- You are too strict and end up binging on “off plan” foods.- Deprivation doesn’t work. Go cold turkey on all of the foods you enjoy and you may end up falling completely off the wagon. Instead, don’t blacklist foods. Think of them as “all the time” and “sometimes” foods. Enjoy a small portion of what you’re craving 1-2 times per week, then get right back on track. Trying to be perfect may set you up for failure.
- You’ve cut out an entire food group.- First it was “low fat” then “low carb”, then 500 calories a day. The truth is these strategies don’t work in the long term. In order to keep your metabolism strong and lose weight at a healthy, maintainable pace, make sure you consume a good mix of carbohydrates, proteins and fats. Keep your carbohydrates in the morning and around your workouts when your body will put them to good use.
- You keep “starting over”.- “I blew it, I’ll start again Monday”. This mentality will keep you in the “diet prison”. You’re not dieting, you’re making a lifestyle change toward a healthier, more fit you. One bad meal does not need to spell diet disaster. Admit it happened, move on, and get right back on track.
- You are eating 2-3 large meals a day. – This will work for some, but for most, over consuming at one meal then going hours without food will be bad news for both your metabolism and your blood sugar levels. Try to consume small meals every 2.5 to 3.5 hours, each with a small amount of protein. This will keep your blood sugar and energy levels even and make you less likely to eat more than you need because you are famished.
- You expect results overnight. – How long did it take you to gain weight? Probably years. Why do we expect it to come off overnight? Be realistic and give yourself credit for all the positive things you are doing. The scale is NOT the only gauge of your success. Celebrate small victories and know that maintainable, healthy, safe weight loss takes time.
- You are “Biting, Licking and Tasting” (BLT) yourself to death. – I’m talking about the calories we don’t register. The lick of the knife after making your child’s sandwich, the one peanut M&M at the office, or that handful of nuts as you pass the pantry. These items add up and can halt your weight loss progress. Commit to no “BLTs” this week and see how differently you feel!
Can you relate to some of these items? Devote to making small changes. Finally see the scale move, your pants get looser, and your outlook on weight loss turning positive. This summer will be your healthiest, most fit yet!
Cardiovascular disease and cancer are the leading causes of death among men. How we take care of ourselves today contributes to our health in the long run. Obesity and diabetes are contributing factors to many other diseases.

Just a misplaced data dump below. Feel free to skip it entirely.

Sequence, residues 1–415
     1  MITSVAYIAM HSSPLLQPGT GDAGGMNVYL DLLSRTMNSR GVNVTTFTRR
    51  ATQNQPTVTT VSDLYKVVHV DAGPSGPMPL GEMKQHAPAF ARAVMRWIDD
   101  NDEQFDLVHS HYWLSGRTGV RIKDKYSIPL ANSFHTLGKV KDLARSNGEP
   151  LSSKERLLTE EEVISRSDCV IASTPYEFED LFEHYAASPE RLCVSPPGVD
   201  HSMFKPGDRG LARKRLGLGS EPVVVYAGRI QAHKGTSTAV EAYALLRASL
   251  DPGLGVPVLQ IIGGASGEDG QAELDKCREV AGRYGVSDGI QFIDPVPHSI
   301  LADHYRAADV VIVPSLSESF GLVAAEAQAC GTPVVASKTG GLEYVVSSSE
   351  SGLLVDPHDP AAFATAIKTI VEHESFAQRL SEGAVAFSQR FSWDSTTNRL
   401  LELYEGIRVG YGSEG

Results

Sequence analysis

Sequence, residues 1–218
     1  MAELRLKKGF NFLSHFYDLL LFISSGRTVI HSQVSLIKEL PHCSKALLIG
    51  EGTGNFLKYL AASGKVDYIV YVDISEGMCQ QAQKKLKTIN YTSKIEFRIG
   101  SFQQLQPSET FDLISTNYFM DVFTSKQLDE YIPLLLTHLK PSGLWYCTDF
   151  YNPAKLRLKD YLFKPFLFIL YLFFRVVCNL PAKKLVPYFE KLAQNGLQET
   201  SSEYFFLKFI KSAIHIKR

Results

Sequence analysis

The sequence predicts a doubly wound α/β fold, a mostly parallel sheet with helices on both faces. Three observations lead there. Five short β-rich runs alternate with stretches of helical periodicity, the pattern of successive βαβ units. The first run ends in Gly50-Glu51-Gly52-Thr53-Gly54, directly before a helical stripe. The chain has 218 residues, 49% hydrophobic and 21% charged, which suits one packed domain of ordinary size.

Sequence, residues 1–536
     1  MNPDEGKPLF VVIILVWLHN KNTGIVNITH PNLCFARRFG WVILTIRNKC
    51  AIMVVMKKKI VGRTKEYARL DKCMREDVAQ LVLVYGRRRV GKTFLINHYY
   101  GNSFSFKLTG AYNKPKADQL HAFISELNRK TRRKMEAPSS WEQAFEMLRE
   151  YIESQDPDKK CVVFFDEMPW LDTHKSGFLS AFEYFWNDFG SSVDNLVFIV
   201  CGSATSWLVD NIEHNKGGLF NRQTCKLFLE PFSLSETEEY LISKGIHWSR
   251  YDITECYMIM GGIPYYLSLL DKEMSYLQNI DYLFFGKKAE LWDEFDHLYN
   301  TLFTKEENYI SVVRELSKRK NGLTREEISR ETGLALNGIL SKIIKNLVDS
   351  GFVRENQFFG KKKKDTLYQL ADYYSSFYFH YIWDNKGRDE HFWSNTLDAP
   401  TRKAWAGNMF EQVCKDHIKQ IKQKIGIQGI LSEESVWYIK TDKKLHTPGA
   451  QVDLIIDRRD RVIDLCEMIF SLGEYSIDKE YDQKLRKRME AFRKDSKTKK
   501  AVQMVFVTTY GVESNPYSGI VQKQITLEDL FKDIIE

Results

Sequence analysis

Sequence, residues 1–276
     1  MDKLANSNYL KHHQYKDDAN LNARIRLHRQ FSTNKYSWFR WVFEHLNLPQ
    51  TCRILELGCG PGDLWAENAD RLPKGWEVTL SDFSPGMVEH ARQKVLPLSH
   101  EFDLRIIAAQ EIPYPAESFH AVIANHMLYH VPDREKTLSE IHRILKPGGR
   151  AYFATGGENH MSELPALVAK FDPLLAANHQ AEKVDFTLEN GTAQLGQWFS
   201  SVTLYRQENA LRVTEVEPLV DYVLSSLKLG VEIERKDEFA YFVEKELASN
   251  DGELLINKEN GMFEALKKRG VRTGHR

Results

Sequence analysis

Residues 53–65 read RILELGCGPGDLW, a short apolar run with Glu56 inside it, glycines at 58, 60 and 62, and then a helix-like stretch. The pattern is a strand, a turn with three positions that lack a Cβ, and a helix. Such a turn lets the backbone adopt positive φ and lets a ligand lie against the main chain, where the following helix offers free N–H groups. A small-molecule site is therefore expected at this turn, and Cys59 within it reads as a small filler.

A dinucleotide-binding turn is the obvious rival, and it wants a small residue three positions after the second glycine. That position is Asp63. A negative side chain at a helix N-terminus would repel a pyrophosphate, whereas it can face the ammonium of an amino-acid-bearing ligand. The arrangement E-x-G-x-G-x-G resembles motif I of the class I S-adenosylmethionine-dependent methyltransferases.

What are the keys to preventing these diseases?
Take control of your health and reduce your health risk.
- Stay away from tobacco
- Maintain a healthy weight
- Get moving with regular physical activity
- Eat healthy with plenty of fruits and vegetables
- Limit how much alcohol you drink (if you drink at all)
- Protect your skin from the sun
- Know your family history, and your risks
- Have regular check-ups and screening tests
What kinds of screening tests?
- Everyone should know their blood pressure and cholesterol and take steps to control both, whether it’s through diet, fitness or medication.
- Men should also know more about testosterone. Testosterone is response for development body and facial hair, muscle growth and strength and a deep voice. It also influences the production of sperm, promotes sexual function and promotes sex drive.
We now know that some men’s bodies do not make enough testosterone.
- Symptoms of low testosterone include: low sex drive, erectile dysfunction, increased irritability or depression, fatigue, reduced muscle mass and strength and decreased bone density.
What causes low testosterone levels?
Men produce less testosterone as they age. There also are certain medications that can cause low testosterone. Men should consider adding regular screening for testosterone levels to their regular screenings as part of their checkup.
How do you treat low testosterone levels?
There are gels that can be applied to the skin, as well as injections and skin patches and mouth patches. Talk to your doctor about which option might be best for you.
Cardiovascular disease is the leading cause of death among men. According to the American Heart Association, 1 in 3 American men suffer from cardiovascular disease, and many don’t even know it.
It’s true. Taking steps to maintain your overall health, such as through diet and exercise, can help prevent cardiovascular disease, as do controlling blood pressure and cholesterol.
The cancers that most frequently affect men are prostate, lung and colorectal cancers. How important is early detection?
Early detection — finding a cancer early before it has spread — gives you the best chance to do something about it. It improves your chances of preventing a cancer and potentially saving your life. That’s why it’s important to get screened.
Lung Cancer- More men in the U.S. die from lung cancer than any other type of cancer.
- Nearly 9 out of every 10 lung cancer deaths in men in this country are due to smoking.
- The most important thing you can do to prevent lung cancer is to not start smoking, or to quit if you smoke.
Prostate Cancer-The second leading cause of cancer death in men